Researchers at the Universoty of Oslo hope to further our understanding of “shaken baby syndrome” by studying the G-forces inflicted on developing brains during a variety of traumatic events.
To investigate injuries caused by shaking and blunt force trauma, ten people will play “aggressive parents” and shake the technology-packed doll. Researchers will be able to measure what happens when a baby is violently shaken, compare those injuries with falls from various heights thereby developing a concrete model for brain injuries. The €19 000 doll, originally designed as a car crash test dummy, will be used to learn more about the connection between shaking and damage in an infant’s brain. Although it is already filled with advanced instrumentation, researchers at SINTEF will put in extra equipment so that forensic researchers can measure the stress on the brain from shaking or from the head striking a hard surface or object.
Shaking causes a baby’s head to accelerate quickly so the doll’s head accelerates in three directions. Under acceleration, the stress on an infant’s head can be compared to the worst stress experienced by the pilot of a fighter jet. While shaking can equal ten times the force of gravity (10 G), a fighter pilot can only stand a force of 9 G for a short time before passing out. And in a car accident at 70km (around 43 miles) per hour, the brain is subjected to the force of only a few G.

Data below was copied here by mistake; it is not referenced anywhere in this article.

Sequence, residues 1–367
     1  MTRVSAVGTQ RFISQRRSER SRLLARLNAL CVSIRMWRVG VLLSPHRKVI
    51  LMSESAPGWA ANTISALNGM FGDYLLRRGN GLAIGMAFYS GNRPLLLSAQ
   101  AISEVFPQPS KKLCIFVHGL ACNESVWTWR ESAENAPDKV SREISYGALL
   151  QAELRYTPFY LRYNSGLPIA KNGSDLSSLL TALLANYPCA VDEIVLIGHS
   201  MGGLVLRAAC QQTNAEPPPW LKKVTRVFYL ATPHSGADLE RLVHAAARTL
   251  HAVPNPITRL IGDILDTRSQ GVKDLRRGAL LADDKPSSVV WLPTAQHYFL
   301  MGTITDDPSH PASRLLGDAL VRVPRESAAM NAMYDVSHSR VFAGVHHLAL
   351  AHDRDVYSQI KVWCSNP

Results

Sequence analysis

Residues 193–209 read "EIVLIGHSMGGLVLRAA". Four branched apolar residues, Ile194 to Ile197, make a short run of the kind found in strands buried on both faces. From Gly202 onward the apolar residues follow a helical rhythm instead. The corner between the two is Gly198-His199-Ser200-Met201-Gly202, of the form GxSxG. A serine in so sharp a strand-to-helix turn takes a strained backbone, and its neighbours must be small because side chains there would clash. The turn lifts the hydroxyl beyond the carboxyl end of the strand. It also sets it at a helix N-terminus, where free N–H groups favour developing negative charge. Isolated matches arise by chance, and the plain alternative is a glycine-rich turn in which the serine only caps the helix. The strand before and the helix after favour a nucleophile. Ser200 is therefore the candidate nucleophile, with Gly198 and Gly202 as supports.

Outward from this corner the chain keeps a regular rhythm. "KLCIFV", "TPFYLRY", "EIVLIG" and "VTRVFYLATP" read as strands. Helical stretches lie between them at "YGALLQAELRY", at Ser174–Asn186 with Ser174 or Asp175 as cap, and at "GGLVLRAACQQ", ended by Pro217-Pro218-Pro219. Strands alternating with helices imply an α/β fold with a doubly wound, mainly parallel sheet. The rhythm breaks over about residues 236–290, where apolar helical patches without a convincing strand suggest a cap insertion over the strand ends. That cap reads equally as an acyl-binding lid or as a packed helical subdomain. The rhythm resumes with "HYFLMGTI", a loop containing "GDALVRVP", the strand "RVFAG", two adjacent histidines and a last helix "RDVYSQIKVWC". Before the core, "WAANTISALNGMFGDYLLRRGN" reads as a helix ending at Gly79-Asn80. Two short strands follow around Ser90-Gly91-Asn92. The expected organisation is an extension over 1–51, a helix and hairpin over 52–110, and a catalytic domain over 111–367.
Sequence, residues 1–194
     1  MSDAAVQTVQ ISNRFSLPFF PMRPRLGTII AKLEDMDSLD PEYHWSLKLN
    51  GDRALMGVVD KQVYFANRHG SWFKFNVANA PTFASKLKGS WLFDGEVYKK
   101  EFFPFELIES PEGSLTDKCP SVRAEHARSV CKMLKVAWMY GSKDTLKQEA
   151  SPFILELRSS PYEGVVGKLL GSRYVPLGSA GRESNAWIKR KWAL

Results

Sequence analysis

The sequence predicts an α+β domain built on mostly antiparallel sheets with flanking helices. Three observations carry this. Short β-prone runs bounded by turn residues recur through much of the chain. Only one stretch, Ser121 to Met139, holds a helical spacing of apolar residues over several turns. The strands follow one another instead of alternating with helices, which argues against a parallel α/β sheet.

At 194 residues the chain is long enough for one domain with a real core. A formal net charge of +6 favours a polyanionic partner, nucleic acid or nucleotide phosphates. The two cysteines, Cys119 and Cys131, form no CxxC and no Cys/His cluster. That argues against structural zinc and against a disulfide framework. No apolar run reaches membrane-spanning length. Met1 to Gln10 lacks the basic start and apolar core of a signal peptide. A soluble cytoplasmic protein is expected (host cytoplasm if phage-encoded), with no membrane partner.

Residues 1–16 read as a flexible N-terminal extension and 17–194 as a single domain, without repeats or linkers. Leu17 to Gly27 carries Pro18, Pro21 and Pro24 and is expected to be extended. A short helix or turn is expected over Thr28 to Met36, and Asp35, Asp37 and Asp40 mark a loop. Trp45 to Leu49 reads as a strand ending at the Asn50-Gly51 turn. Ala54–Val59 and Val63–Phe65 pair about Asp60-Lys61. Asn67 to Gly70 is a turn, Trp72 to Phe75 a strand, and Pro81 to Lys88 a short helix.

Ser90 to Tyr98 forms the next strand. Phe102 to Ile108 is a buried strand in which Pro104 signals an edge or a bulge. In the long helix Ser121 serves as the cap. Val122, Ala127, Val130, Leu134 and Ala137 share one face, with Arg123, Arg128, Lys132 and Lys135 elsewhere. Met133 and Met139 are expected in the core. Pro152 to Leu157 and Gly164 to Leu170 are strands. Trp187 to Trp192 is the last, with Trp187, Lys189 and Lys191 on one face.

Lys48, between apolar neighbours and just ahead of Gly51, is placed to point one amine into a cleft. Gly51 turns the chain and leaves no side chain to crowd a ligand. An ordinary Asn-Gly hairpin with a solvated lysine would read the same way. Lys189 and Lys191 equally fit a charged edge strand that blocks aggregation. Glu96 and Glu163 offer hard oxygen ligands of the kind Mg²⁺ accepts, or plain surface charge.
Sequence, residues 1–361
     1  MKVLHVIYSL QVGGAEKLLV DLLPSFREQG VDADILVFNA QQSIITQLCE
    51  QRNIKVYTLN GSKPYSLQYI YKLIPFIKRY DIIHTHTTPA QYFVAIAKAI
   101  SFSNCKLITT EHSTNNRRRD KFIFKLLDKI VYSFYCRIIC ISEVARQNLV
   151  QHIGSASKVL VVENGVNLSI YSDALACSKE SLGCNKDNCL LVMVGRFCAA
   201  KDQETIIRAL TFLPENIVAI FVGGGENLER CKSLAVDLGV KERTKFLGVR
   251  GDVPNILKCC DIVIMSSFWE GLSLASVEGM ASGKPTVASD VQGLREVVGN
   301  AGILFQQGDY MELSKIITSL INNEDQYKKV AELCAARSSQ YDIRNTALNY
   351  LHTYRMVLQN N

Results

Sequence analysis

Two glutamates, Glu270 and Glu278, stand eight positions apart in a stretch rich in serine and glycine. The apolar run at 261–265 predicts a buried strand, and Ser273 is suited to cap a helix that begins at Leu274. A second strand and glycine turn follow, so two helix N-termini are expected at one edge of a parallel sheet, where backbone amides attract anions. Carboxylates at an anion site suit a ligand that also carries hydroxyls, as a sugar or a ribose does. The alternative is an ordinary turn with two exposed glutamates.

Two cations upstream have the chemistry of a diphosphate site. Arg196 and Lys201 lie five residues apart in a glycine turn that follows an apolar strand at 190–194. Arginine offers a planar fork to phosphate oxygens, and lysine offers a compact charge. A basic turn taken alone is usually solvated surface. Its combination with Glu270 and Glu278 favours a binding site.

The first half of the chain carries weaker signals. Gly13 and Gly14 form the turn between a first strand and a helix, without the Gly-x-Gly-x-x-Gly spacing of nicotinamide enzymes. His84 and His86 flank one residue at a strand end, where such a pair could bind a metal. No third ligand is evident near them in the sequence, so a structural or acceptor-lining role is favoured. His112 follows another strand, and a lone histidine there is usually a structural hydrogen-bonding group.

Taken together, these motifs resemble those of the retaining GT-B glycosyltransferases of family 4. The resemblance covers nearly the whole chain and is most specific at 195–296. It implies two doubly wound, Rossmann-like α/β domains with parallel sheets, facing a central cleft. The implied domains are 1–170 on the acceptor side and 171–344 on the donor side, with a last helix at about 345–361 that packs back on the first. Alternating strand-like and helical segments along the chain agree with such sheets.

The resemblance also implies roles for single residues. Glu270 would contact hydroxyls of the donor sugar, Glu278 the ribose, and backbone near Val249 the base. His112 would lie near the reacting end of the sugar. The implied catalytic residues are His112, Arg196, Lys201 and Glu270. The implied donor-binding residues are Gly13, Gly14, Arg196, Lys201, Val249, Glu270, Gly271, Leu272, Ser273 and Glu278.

Post-doctoral research fellow Arne Stray-Pedersen from the University of Oslo has engaged the use of the doll in an effort to improve forensic evidence in legal cases of shaken babies. In an area fraught with difficulties, far from all cases are reported and just a handful end up being handled by the justice system. People who are guilty of this type of abuse may go free due to a lack of evidence; others are wrongly suspected of a crime that they did not commit. “It is a problematic and difficult task. We unfortunately don’t have good enough measurements to differentiate between injuries due to abuse, accidents, and congenital defects. There are no witnesses when an abuser injures an innocent child, and we have neither video nor other evidence that can be used in court,” explains Arne Stray-Pedersen.
Read the full story at Gizmag…